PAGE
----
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The Road Brewing Project pt2

By March 2, 2013Beer Travel
Introducing The Roaming Pint's Do-Nut Drive and Drive Stout

They say that it’s most basic, brewing beer is simply a matter of 1) making sugary liquid (wort) and 2) providing a good environment for it to ferment. The yeast that you add to wort needs to stay within a consistent temperature range to stay active to do their job of eating the sugars and kicking out alcohol and CO2. The first post detailed my experience creating that sweet liquid from Brooklyn Brew Shop’s Coffee Donut Stout 1 -gallon kit, now let’s see what happens when you ferment in an environment that is a little less than stable.

Brian sparing the grain during the brewing process.

Making wort.

Leading a nomadic lifestyle means that every thing does not go as planned and you have to be able to adjust to new obstacles. In this instance my brother and sister came to visit and we had a need for the cooler that I had set up to ferment in. Fortunately, we have a smaller soft cooler that fit the carboy with some minor adjustments and still provided some insulation and protection from the light.

The Roaming Pint's fermentation cooler

Fermentation cooler


Fermentor ready to be receive priming sugar and then bottled.

Fermentor ready to be receive priming sugar and then bottled.

The Brooklyn Brew Kit recommended bottling the home brew after primary fermentation which requires some empty bottles, bottle caps, and a bottle capper.   I didn’t necessarily want to invest in these if I didn’t have since the whole goal of the project was to work with what I had. Kegging was out of the question (for now) as that involved an even bigger financial and spacial investment.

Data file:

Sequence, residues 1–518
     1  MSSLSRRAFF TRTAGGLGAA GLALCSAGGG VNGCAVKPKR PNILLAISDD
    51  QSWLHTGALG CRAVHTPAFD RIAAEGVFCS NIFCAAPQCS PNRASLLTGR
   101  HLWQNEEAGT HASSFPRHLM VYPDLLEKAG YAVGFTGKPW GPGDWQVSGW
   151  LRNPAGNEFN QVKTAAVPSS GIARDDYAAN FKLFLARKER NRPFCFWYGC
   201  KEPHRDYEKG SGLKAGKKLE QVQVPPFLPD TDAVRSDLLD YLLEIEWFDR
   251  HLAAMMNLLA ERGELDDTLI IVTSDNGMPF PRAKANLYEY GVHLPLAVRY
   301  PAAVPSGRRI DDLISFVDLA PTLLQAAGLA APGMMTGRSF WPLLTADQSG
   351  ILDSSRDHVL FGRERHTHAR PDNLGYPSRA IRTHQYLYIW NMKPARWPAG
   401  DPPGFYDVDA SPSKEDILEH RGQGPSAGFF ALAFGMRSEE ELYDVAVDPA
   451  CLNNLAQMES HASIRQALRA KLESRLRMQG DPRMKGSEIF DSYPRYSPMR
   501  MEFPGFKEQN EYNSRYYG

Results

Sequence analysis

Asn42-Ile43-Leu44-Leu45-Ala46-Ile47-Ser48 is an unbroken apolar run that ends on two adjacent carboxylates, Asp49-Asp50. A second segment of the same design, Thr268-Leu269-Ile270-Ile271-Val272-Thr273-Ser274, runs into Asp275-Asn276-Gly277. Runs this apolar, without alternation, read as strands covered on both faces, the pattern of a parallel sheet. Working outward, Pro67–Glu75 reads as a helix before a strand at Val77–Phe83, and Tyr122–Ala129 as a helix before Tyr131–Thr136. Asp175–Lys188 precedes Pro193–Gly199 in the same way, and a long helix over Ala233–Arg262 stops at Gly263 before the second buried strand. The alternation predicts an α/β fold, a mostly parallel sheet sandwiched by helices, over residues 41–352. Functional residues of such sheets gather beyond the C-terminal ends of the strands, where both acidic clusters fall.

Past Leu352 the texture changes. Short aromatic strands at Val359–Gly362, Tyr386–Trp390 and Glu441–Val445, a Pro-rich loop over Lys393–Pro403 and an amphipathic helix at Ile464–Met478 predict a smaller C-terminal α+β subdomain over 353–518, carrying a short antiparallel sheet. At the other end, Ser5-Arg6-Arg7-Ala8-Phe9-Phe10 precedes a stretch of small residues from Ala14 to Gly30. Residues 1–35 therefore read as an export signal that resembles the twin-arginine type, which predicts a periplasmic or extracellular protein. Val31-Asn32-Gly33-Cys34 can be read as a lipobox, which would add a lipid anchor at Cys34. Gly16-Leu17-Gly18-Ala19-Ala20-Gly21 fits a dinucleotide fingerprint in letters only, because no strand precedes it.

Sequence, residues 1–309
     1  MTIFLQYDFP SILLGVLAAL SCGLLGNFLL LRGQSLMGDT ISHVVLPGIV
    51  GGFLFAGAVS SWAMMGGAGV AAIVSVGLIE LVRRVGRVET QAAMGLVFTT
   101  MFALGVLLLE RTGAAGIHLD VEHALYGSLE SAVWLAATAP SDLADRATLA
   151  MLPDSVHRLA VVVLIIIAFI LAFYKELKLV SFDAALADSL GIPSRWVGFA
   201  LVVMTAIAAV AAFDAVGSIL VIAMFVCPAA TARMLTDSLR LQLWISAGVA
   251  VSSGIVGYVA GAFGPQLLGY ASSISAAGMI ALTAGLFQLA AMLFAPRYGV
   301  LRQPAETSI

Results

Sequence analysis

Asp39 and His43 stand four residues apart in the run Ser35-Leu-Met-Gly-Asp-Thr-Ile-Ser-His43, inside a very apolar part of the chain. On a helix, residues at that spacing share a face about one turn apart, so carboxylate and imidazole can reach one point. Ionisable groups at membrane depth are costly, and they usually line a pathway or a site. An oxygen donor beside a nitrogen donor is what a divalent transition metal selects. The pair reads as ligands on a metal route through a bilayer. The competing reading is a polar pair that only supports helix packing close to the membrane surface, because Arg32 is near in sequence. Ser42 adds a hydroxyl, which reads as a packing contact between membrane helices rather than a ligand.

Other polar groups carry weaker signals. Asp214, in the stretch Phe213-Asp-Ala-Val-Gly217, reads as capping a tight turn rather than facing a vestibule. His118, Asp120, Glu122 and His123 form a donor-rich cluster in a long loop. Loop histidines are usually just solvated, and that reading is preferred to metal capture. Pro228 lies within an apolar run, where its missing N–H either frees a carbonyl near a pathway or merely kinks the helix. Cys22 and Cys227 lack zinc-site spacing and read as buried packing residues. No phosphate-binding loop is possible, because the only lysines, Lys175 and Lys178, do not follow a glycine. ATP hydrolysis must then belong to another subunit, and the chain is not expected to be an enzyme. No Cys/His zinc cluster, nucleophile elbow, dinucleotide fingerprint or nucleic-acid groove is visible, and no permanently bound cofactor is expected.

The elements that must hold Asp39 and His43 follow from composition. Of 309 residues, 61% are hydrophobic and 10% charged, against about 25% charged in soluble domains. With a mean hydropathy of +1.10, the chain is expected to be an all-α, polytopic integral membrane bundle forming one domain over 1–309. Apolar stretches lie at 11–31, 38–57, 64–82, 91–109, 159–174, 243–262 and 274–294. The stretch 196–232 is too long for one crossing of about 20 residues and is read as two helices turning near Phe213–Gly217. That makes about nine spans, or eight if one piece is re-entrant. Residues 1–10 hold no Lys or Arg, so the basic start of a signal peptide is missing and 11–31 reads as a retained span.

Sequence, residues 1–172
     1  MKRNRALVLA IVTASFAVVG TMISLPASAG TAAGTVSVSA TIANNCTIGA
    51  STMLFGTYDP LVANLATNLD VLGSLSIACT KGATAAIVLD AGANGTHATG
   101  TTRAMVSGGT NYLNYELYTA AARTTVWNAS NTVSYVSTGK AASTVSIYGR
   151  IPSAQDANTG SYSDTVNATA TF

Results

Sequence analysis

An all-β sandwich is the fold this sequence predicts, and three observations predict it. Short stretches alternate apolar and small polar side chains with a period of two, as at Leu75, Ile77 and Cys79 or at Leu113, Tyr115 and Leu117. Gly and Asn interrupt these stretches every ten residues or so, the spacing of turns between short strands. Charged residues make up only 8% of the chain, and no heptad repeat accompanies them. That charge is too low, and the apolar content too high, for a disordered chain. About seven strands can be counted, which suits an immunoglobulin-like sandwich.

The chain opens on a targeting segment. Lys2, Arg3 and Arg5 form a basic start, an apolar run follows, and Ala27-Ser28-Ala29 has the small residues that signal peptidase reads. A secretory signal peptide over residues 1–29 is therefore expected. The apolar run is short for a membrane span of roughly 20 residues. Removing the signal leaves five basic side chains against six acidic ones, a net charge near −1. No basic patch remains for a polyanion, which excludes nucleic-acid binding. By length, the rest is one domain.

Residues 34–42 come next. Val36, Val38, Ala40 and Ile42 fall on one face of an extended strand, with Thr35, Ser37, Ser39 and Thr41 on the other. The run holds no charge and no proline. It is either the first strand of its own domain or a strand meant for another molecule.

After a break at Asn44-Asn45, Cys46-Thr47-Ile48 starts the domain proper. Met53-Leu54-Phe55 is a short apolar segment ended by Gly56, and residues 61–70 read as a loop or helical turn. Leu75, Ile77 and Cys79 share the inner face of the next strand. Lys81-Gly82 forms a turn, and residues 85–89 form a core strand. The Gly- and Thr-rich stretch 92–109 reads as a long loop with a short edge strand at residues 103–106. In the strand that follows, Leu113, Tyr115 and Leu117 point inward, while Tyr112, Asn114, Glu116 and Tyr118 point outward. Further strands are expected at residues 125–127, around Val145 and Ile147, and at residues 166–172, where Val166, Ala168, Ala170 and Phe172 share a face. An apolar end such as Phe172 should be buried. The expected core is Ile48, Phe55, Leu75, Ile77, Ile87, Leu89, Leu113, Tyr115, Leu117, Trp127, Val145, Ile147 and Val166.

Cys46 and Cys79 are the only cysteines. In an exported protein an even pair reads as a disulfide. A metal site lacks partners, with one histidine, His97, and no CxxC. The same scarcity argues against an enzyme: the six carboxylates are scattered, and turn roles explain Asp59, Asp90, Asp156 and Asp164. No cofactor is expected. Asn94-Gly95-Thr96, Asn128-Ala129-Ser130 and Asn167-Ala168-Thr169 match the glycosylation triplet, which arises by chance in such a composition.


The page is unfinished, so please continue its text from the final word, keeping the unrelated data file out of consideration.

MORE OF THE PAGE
I had a couple weeks to research options as it takes the brew about two weeks to ferment. In the end I decided to bottle, but with 64 oz growlers instead of 12 oz bottles. A little research revealed that this is a reasonable solution and the beer should carbonate similar to smaller bottles. Of course the larger size of a growler makes them structurally weaker than a 12 or 32 oz bottle and if over carbonated they could crack or even explode.

Test growlers! Traditional glass and stainless steel Hydroflask.

Test growlers! Traditional glass and stainless steel Hydroflask.

This structural vulnerability instantly brought the Hydro Flask to mind. The double walled stainless steel growler would be much sturdier than the glass version. Plus the vacuum cavity would keep the temperature steady much more consistently which is important considering the RV has greater temperature fluctuations than a sticks and bricks home. We were gifted one by our friends at Nebraska Brewing Co and have been impressed with it’s ability to maintain temperatures for long periods of time.

Since I had 128 oz brewing in the carboy I would need to use two 64 oz growlers and since every brewer is part scientist I decided to “bottle” half in a traditional glass growler and the other half in the Hydro Flask to see how they differed. My hypothesis was that the hydro flask’s insulation and heavy duty screw top seal would lead to a higher carbonated beer.

I dissolved some maple syrup into the solution to give the yeast some carbonating fuel before sealing them up and putting them back in the soft cooler as the insulation provided a small measure of protection from the temperamental temperatures in the RV. It just so happend that we ending our stationary time in Cedar Key and were now going to be driving which meant adding a variable of vibration into the mix.